Kit Young recently returned to Washington, DC from living twenty years in Asia. She pursued a career as solo and collaborative pianist and improviser/composer organizing concerts, festivals and exchanges with Asian colleagues in both contemporary and traditional music from Thailand, Burma, Malaysia and China. Ms. Young’s absorption of Asian music, particularly Thai and Burmese, originates from her childhood living in Thailand studying Thai instruments, and a lifelong quest to answer the question of how to hear and perform music from another culture and let it inform one’s own musical trajectory. Since 1987, Ms. Young has studied the Sandaya tradition, a Burmese music style performed on the piano. She worked with Burma’s greatest composer and sandaya player, Gita Lulin U Ko Ko, among others, and has performed extensively with Burmese musicians and dancers. Her 1991 debut performances of Burmese music atNew York’sMetropolitanMuseum and Symphony Space were broadcast toBurma by the Voice of America.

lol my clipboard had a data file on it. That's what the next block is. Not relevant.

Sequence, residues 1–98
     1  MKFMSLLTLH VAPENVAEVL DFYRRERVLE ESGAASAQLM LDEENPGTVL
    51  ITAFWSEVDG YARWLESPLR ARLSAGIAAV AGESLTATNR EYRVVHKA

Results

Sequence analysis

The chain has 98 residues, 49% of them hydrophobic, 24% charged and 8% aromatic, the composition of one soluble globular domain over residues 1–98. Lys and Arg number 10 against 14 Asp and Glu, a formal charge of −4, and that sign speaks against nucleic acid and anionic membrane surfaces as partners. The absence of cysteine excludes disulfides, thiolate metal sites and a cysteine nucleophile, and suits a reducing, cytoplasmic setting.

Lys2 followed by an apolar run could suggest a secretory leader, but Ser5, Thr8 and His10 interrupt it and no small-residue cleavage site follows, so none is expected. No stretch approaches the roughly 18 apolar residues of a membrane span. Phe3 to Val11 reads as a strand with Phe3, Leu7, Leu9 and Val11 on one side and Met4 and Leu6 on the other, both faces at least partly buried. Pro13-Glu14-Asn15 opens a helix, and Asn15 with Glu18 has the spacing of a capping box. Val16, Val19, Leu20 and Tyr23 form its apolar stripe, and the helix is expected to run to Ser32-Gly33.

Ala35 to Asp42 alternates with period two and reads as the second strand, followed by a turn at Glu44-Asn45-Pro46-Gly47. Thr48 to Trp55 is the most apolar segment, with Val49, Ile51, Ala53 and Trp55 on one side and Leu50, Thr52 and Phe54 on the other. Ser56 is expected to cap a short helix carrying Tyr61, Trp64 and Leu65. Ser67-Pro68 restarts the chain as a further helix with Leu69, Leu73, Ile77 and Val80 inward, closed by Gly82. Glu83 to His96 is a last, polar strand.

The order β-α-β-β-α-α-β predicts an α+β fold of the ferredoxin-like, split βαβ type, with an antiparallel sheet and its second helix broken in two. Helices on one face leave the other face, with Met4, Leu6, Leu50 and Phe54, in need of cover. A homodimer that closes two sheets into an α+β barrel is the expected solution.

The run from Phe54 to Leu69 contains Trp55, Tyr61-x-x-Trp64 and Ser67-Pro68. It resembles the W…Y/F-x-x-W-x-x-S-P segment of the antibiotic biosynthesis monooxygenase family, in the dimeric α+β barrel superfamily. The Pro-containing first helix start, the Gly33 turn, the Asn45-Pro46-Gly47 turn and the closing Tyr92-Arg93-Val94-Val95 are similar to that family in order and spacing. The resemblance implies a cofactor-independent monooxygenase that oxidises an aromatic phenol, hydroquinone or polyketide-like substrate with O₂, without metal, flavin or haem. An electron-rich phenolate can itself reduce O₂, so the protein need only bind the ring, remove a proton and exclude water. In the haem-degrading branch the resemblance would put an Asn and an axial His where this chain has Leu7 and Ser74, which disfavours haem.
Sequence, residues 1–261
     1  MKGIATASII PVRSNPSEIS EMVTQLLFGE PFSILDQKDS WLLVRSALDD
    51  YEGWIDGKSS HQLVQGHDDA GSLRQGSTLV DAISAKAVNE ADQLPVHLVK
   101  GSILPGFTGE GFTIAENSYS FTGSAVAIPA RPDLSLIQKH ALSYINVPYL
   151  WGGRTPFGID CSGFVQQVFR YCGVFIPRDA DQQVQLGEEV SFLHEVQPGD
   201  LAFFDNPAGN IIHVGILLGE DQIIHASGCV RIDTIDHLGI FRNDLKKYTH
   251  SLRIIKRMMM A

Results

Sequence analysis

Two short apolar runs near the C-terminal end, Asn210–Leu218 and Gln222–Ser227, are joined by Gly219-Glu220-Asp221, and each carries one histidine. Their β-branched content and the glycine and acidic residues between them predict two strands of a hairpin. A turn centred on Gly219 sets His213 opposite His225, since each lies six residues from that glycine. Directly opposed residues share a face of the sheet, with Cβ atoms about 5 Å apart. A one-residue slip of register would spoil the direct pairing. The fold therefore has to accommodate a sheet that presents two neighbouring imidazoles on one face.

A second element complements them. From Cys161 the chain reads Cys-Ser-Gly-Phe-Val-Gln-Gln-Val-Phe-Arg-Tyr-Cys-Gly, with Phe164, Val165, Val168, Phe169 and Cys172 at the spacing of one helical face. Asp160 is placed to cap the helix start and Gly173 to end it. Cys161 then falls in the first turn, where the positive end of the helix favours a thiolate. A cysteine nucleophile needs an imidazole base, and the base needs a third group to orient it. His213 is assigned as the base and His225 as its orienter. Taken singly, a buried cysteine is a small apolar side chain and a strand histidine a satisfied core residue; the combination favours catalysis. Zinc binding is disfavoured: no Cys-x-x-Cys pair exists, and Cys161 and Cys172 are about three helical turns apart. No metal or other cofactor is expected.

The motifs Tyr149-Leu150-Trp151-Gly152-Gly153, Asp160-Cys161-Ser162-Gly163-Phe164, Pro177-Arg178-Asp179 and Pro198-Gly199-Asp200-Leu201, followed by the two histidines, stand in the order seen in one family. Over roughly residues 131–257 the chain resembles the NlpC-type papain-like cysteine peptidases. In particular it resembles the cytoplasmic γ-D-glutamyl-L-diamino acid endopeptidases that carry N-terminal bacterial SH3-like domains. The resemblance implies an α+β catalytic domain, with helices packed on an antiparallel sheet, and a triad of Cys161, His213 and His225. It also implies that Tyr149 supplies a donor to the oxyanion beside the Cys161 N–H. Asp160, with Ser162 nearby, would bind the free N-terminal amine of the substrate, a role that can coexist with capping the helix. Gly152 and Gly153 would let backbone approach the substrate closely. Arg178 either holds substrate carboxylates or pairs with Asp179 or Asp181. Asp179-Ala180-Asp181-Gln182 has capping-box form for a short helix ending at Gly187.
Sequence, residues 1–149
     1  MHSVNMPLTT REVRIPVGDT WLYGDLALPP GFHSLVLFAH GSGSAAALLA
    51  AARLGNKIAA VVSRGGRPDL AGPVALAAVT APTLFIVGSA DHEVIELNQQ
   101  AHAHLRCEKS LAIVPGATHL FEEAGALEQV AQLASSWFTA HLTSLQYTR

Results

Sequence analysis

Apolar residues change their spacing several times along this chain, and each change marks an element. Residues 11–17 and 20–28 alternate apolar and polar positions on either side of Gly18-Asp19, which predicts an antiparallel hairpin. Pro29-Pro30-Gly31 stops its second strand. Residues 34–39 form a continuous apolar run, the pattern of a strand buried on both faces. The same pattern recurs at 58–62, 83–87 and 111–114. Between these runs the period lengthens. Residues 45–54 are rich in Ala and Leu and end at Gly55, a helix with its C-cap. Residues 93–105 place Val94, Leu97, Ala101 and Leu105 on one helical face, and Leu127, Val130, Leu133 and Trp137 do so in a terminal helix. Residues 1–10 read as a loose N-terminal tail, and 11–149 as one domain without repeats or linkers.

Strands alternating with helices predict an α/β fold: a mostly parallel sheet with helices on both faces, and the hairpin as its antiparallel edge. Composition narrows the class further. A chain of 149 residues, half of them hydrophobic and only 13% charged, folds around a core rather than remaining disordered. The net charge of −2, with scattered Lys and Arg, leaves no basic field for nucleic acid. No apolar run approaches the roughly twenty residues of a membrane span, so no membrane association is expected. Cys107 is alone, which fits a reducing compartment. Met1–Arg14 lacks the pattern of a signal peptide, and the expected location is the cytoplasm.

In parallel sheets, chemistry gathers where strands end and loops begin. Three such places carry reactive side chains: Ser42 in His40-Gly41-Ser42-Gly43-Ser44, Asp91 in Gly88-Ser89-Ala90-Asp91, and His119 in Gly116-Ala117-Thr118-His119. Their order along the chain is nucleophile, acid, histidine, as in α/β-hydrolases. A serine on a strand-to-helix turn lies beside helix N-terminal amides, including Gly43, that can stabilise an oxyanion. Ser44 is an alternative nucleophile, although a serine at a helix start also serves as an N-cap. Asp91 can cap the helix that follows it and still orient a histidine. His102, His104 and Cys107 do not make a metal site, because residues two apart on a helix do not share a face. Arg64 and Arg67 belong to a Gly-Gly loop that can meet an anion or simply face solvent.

In 2004, Ms. Young founded with Burmese colleagues Gitameit Music Center– the only secular institution offering a holistic study of higher standard Western classical, jazz, and Burmese traditional music. Work with Burmese theater artists, poets and musicians led to her compositions for two collaborative theater-media productions awarded grants by the Asian Cultural Council: Nya La Ka and The Monsters of Inya Lake. Young’s songs, in a setting of the poetry of U San Oo for baritone and accompanying instruments, were performed by Thomas Buckner and colleagues, in San Francisco, Yangon, Beijing and New York. Her composition, The Real Question, with text by Václav Havel, was performed by Gitameit Voices and Thomas Buckner on numerous occasions in Burma and in the United States.
View an in depth interview with Susan Galbraith